Using vendor Convey, Bodybuilding.com is able to more quickly access information on shipments so it can proactively take action when there are issues or delays.

20-year-old online retailer Bodybuilding.com wanted to get its logistics and fulfillment management in tip-top shape.

To achieve this goal, the online retailer of supplements and fitness apparel and accessories—and more recently subscription services for workout programs—began using delivery management vendor Convey in August 2017, says Greg Dahlstrom, vice president of logistics for the retailer, which generates more than $200 million in sales annually.

Convey works by offering insights to both Bodybuilding.com customers and the retailer’s employees. For the consumer, Convey enables Bodybuilding.com to provide shoppers a link to a branded landing page that has the same look and feel as Bodybuilding.com, including the retailer’s coloring and logo. On that page, the customer can see shipment status—such as out for delivery—as well as the day her order will arrive. The retailer sends the shopper that link the moment she places the order. The shopper also can sign up for text message notifications about her package, Dahlstrom says. Before using Convey, Bodybuilding.com sent shoppers an email with a tracking number when her package shipped. The shopper would then have to visit the carrier’s website to check delivery progress, Dahlstrom says.

Internally, Convey provides Bodybuilding.com with more information regarding the status of shipments so it can proactively take action when there are issues or delays. “We use about 10 different carriers and, from a customer service perspective, having to monitor all the carriers and spot problem shipments was too difficult,” Dahlstrom says. “So we would just wait for customers to tell us there was a problem.”

Convey provides Bodybuilding.com with access to a central hub for shipping. When a Bodybuilding.com customer service employee logs into Convey, she can see shipments with issues there, such as ones that have been returned to Bodybuilding.com, are damaged or are undeliverable. This enables Bodybuilding.com to see issues across its fleet of carriers and take action. For example, if it sees a shipment is damaged, it can automatically have a new one sent to the shopper before she opens her box to find the damaged goods. This also eliminates the need for the shoppers to take the time to contact customer service to get a new order sent out.

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“Now we can be proactive,” Dahlstrom says. “We can say, ‘Hey, we realize this shipment is damaged and we’ve already shipped you a new one.’ We want to start taking action before the customer even recognizes there is a problem. When we take action ahead of time, it shows we are concerned, and what could be a bad experience is at least a neutral or even good experience because [shoppers] are impressed with how we handled the issue.”

Convey also provides Bodybuilding.com with analytics for all the carriers the retailer works with, including the percentage of orders delivered on time, broken down by carrier. Additionally, on the branded order tracking page, consumers can leave feedback about their orders. If they leave poor feedback, they can choose from several categories, including shipping. Bodybuilding.com can see negative comments related to shipping and the carrier used for those packages. Bodybuilding.com also can view the percentage of packages with delivery exceptions—such as delays, damages and address problems—by carrier.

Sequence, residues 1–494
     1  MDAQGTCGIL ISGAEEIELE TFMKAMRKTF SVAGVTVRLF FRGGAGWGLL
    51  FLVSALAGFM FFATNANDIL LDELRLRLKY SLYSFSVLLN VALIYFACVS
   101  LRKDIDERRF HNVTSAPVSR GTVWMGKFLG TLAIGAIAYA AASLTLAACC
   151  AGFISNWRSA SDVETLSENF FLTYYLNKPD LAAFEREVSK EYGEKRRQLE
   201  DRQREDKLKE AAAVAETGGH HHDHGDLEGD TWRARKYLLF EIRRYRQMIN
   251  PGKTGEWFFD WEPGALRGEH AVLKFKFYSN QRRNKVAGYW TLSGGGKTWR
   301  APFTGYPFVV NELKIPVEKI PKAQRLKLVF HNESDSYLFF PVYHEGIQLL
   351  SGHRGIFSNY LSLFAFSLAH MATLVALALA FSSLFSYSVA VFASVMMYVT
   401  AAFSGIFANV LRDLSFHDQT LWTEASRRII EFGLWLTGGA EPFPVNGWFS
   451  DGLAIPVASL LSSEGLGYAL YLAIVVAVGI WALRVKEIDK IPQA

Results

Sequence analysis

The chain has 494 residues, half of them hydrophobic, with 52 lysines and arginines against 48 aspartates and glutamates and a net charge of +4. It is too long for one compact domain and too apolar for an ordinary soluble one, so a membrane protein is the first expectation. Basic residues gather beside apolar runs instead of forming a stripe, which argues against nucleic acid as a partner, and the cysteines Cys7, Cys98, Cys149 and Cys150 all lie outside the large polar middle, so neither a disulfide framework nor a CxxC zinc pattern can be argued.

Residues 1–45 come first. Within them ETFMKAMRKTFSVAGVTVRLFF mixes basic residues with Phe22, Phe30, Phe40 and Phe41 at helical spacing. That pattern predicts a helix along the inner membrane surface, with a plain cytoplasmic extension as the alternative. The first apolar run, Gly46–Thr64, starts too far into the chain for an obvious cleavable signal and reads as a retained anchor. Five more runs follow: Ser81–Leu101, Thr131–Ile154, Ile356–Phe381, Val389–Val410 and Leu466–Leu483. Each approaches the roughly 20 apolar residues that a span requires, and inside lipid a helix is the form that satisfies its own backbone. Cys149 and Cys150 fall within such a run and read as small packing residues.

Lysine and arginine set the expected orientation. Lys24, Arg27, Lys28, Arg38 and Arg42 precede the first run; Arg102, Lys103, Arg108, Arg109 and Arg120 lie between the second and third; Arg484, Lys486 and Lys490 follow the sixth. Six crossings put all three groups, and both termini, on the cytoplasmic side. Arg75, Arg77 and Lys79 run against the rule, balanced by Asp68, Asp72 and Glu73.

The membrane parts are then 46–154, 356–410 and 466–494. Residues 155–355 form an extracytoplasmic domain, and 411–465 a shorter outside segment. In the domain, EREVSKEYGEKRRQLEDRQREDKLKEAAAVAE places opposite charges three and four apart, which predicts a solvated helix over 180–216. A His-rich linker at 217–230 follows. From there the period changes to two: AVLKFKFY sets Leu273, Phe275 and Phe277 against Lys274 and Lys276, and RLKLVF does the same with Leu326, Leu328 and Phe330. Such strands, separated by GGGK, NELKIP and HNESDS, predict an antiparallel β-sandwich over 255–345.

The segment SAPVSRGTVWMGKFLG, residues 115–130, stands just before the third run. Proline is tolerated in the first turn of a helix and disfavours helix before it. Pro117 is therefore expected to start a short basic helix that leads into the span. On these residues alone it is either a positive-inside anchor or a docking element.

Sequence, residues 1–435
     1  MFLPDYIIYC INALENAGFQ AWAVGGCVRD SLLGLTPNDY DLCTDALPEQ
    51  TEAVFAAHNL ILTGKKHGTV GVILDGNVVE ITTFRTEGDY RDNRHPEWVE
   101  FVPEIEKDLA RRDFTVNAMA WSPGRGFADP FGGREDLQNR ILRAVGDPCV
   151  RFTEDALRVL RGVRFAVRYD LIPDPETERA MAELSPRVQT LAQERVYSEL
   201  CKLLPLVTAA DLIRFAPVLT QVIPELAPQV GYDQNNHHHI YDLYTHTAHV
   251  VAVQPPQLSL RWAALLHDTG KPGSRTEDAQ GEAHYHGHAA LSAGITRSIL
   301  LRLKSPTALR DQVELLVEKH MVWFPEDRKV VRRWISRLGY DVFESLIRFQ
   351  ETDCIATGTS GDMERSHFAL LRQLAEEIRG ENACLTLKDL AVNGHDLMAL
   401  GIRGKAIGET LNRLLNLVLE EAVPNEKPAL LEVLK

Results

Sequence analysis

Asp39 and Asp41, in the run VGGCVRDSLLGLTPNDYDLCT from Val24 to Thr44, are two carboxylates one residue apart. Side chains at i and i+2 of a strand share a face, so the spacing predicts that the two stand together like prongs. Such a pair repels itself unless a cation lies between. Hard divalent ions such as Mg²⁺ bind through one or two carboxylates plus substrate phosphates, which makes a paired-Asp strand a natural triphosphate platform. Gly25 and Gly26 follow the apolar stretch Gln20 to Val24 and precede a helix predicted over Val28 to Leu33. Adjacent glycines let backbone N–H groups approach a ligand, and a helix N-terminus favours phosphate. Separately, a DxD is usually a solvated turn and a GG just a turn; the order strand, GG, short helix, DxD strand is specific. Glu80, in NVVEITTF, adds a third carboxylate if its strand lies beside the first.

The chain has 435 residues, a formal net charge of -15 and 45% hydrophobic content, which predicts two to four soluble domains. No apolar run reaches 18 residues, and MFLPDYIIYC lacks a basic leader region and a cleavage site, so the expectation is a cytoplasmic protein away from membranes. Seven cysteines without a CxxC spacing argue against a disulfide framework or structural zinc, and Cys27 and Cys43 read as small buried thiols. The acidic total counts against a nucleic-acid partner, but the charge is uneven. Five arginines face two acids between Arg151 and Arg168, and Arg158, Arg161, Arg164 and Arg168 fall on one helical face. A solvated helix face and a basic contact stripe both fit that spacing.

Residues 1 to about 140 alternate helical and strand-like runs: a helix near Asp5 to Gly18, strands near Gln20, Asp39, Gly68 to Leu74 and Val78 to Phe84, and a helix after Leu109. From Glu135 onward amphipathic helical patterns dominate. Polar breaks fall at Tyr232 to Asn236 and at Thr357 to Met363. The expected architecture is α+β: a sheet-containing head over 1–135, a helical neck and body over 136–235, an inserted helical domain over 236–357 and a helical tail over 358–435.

“Where’s my order” calls into customer service in the first two months of 2018 dropped 13% for domestic packages compared with a year earlier, Dahlstrom says, and he attributes most of that decrease to Convey. Anecdotally, customer service employees report spending less time having to monitor and resolve issues with packages, he adds. And Bodybuilding.com’s NPS, or Net Promoter Score, which measures the willingness of customers to recommend a company’s products or services, increased in 2018 over 2017—rising to 85 out of a possible 100 compared with 80 for 2017,  Dahlstrom says.

Bodybuilding.com pays an annual licensing fee for the Convey software. Setup was simple. The process took a couple months, but most of that time was spent working with carriers to get the data Convey required. The service uses an API to connect each order with carrier tracking and package data, Dahlstrom says.

Earlier this month Convey added new features to its offerings, including the ability for companies to identify shipments at risk for delays, such as shipments that weren’t picked up from a warehouse when scheduled or when a shipment’s delivery status hasn’t progressed for several days. Other updates include the ability to assign owners to shipment management tasks and collaborate across teams and carriers to share files, communicate and track activity in a single dashboard.

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“For too long, exceptions have been viewed as an inevitable part of scaling ecommerce businesses, but it doesn’t have to be that way anymore. Why is it possible to track your pizza’s progress as it’s being made, yet you can’t do anything about a pair of shoes or an elliptical trainer being shipped across the country?” says Rob Taylor, co-founder and CEO of Convey. “[Convey helps turn] exceptions into opportunities to differentiate your brand on service, before a customer ever knows there’s an issue.”

Convey’s clients include Neiman Marcus, No. 43 in the Internet Retailer Top 1000, Jet.com (owned by Walmart Inc., No. 3) and Eddie Bauer LLC (No. 93).

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